The secondary market is where investors purchase securities or assets from other investors, rather than from issuing companies themselves. The Securities and Exchange Commission (SEC) registers securities prior to their primary issuance, then they start trading in the secondary market on the New York Stock Exchange, Nasdaq or other venue where the securities have been accepted for listing and trading. (To learn more about the primary and secondary market, read Markets Demystified.)

The secondary market is where the bulk of exchange trading occurs each day. Primary markets can see increased volatility over secondary markets because it is difficult to accurately gauge investor demand for a new security until several days of trading have occurred. In the primary market, prices are often set beforehand, whereas in the secondary market only basic forces like supply and demand determine the price of the security.

Secondary markets exist for other securities as well, such as when funds, investment banks or entities such as Fannie Mae purchase mortgages from issuing lenders. In any secondary market trade, the cash proceeds go to an investor rather than to the underlying company/entity directly. (To learn more about primary and secondary markets, read A Look at Primary and Secondary Markets.)

The OTC Market
The over-the-counter (OTC) market is a type of secondary market also referred to as a dealer market. The term "over-the-counter" refers to stocks that are not trading on a stock exchange such as the Nasdaq, NYSE or American Stock Exchange (AMEX). This generally means that the stock trades either on the over-the-counter bulletin board (OTCBB) or the pink sheets. Neither of these networks is an exchange; in fact, they describe themselves as providers of pricing information for securities. OTCBB and pink sheet companies have far fewer regulations to comply with than those that trade shares on a stock exchange. Most securities that trade this way are penny stocks or are from very small companies.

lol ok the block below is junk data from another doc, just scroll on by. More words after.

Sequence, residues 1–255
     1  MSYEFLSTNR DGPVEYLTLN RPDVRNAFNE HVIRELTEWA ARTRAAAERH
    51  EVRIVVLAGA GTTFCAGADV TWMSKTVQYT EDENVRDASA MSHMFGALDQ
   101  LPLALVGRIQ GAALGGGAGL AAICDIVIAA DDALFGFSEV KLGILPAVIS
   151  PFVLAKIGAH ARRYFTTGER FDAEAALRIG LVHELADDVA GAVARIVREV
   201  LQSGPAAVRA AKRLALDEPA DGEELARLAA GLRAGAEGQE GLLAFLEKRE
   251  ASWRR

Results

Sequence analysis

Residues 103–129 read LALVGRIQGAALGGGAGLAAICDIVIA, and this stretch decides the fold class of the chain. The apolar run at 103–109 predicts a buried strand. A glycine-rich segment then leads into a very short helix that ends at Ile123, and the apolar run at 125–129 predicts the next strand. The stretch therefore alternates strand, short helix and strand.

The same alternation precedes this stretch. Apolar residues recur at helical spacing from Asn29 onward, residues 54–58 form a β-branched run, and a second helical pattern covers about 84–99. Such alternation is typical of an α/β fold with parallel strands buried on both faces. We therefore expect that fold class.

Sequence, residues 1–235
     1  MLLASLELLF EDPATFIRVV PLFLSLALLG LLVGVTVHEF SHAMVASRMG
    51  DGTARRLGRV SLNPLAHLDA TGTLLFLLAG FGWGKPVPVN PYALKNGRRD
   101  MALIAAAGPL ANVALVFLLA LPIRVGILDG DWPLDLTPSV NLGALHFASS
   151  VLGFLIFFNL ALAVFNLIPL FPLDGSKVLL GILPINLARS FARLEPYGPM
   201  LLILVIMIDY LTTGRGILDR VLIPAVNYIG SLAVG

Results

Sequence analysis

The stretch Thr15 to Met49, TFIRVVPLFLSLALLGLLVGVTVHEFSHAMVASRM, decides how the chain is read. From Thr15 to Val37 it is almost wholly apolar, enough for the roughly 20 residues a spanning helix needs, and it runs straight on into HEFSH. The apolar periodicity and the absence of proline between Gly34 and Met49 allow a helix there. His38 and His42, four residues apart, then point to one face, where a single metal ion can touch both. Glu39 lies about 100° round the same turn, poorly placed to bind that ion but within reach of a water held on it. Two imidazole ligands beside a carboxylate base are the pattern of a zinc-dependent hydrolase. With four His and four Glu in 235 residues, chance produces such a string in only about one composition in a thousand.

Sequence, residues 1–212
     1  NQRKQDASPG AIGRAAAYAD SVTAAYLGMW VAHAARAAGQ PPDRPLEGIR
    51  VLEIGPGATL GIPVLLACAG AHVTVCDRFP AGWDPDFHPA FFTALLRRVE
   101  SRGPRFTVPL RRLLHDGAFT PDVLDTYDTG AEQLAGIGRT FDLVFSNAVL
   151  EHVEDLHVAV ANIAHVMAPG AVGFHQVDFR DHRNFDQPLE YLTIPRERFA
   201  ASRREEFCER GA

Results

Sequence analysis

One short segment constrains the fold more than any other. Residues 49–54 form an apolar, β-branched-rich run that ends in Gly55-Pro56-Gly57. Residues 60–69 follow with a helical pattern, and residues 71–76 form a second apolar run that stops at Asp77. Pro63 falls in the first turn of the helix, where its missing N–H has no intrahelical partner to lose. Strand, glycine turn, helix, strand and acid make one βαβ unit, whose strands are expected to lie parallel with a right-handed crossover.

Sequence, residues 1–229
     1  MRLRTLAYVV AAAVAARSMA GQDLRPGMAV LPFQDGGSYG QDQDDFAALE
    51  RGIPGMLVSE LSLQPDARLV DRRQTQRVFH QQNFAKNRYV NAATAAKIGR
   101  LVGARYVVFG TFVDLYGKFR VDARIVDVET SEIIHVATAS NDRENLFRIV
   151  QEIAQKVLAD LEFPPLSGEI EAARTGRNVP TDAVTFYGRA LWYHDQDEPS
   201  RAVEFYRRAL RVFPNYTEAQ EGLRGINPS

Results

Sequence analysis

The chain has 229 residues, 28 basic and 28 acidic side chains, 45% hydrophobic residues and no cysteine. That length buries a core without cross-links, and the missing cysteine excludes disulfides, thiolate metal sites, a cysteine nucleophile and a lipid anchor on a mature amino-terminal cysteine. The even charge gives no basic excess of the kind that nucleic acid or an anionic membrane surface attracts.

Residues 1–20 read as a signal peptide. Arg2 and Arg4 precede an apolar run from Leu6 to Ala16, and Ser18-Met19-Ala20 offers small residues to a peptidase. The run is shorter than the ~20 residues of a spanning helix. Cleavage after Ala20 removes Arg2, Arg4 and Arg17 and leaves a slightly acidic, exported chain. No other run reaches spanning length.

Third and Fourth Markets
You might also hear the terms "third" and "fourth markets." These don't concern individual investors because they involve significant volumes of shares to be transacted per trade. These markets deal with transactions between broker-dealers and large institutions through over-the-counter electronic networks. The third market comprises OTC transactions between broker-dealers and large institutions. The fourth market is made up of transactions that take place between large institutions. The main reason these third and fourth market transactions occur is to avoid placing these orders through the main exchange, which could greatly affect the price of the security. Because access to the third and fourth markets is limited, their activities have little effect on the average investor.


Financial institutions and financial markets help firms raise money. They can do this by taking out a loan from a bank and repaying it with interest, issuing bonds to borrow money from investors that will be repaid at a fixed interest rate, or offering investors partial ownership in the company and a claim on its residual cash flows in the form of stock.